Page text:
It is usually double stranded. A (Adenine) pairs with T (Thymine). C (Cytosine) pairs with G (Guanine). When cell division occurs, the DNA is double for both daughter cells. The two strands unwind, unzip and separate in search for a new strand to interact with and form a cell.
It represents nature's solution to the problem of chromosome doubling that would occur, if two diploid cells, i.e. two cells with a double set of chromosomes would fuse. Accordingly does meiosis produce haploid germ cells, with maternal and paternal germ cell fusing at fertilization and thus generating a diploid fusion product, the zygote. Meiosis is made up by two subsequent processes, both of which resemble mitosis. In the first process are the homologous chromosomes separated.
The centrioles migrate to opposite ends of poles of the cell. Microtubules develop and form a star-shaped structure called the spindle. The nucleolus and the nuclear envelope disappear leaving the chromosomes. Prophase in Meiosis 1 is similar to prophase in mitosis, as the chromosomes become visible, shorten and widen but it different because they associate in their homologous pairs. Organisms consist of two sets of chromosomes where any two chromosomes, which decide the same characteristic, are called a homologous pair.
Meiosis unlike mitosis has two cell divisions, Meiosis I and Meiosis II. In prophase I of meiosis I, the chromosomes begin by pairing with its homolog and this is also where crossing over occurs. In this stage just like prophase in mitosis the nuclear envelope breaks down and the mitotic spindle begins to develop as well. In Metaphase I the homologue chromosomes line up at the metaphase plate and the kinetochore microtubules attach to both ends of the chromosome. In anaphase I the homologs move to opposite ends of the poles and the homologs also begin to separate as well.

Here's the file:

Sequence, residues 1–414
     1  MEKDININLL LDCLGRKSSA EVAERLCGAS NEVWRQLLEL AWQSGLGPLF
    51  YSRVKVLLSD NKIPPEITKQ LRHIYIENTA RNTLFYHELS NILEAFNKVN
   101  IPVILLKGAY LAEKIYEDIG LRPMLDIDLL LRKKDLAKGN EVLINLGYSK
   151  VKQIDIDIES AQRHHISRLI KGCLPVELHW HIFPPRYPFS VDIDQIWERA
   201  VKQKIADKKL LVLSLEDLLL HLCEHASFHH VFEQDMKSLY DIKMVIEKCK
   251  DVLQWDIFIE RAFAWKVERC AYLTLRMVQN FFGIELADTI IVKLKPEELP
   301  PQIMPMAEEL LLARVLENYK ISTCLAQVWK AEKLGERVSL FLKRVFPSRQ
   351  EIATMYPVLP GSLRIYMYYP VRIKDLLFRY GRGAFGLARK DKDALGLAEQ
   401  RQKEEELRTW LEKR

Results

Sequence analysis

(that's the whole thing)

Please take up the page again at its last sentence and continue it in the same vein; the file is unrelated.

The microtubule spindles attach to the kinetochores in metaphase II, causing the chromosomes to line up, and at the start of anaphase II, the remaining cohesins at the centromere break down, so that the sister chromatids are able to separate and move to opposite ends of the cell. (Alberts et al., 2008.) They then undergo telophase and cytokinesis to produce four haploid cells. (Lodish et al., 2008.) Mitosis and meiosis are similar methods of cell division, as both produce daughter cells.
Telophase I and cytokinesis: The chromosomes finished their move to the opposite poles of the cell. At each pole of the cell a full set of chromosomes get together. A membrane forms around each set of chromosomes to create two new nuclei.Then single cell pinches in the middle to form two separate daughter cells in which each contain a full set of chromosomes within a nucleus. This process is known to be cytokinesis. Meiosis II 6.
Spindle fibers attach to the centromeres. In anaphase, the sister chromatids are pulled toward opposite poles. In telophase, the chromosomes condense, and a new nuclear envelope forms around the groups of chromosomes. The nucleoli and nuclear envelope reappear and in cytokinesis, the cytoplasm divides into two cells, which are both diploid and genetically identical. 2.
The next stage is metaphase 2 the chromosomes line up along the center of the cell before it breaks up into two. Then the chromatids point towards the opposite ends of the cell. The next stage is anaphase 2. This is the second to last phase in meiosis and it has many events that happen. The first event is when the sister chromatids separate and move towards the opposite ends of the pole.
Then, in the Anaphase, centromeres divides and the each chromatid moves apart. Finally, daughter chromosomes approaching poles and loss individuality. Nucleolus reappears and nuclear membrane reconstituted. (picture source: http://cyberbridge.mcb.harvard.edu/mitosis_3.html) There are some specific checkpoint which is the regulation mechanism of the cell cycle. When certain conditions are met, the cell cycle will continue, so the cell ... ... middle of paper ... ...finally inversions is change the nucleotide sequence.
Metaphase ends when all the chromatids are aligned in the plane of the metaphase plate. Anaphase The centromere of each chromatid pairs splits and the chromatids separate. The daughter chromosomes are pulled toward opposite ends of the cell along the chromosomal microtubules. Anaphase ends when the daughter chromosomes arrive near the centrioles at opposite ends of the cell. Telophase During telophase, each cell prepares to return to the interphase state.